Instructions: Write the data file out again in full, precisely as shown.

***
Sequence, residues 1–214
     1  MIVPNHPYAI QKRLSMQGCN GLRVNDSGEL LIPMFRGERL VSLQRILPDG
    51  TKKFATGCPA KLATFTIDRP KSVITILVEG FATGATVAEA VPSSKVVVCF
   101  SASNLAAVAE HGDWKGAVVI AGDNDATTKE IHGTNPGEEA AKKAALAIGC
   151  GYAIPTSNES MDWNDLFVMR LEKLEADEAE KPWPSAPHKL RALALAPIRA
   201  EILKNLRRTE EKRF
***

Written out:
Sequence, residues 1–214
     1  MIVPNHPYAI QKRLSMQGCN GLRVNDSGEL LIPMFRGERL VSLQRILPDG
    51  TKKFATGCPA KLATFTIDRP KSVITILVEG FATGATVAEA VPSSKVVVCF
   101  SASNLAAVAE HGDWKGAVVI AGDNDATTKE IHGTNPGEEA AKKAALAIGC
   151  GYAIPTSNES MDWNDLFVMR LEKLEADEAE KPWPSAPHKL RALALAPIRA
   201  EILKNLRRTE EKRF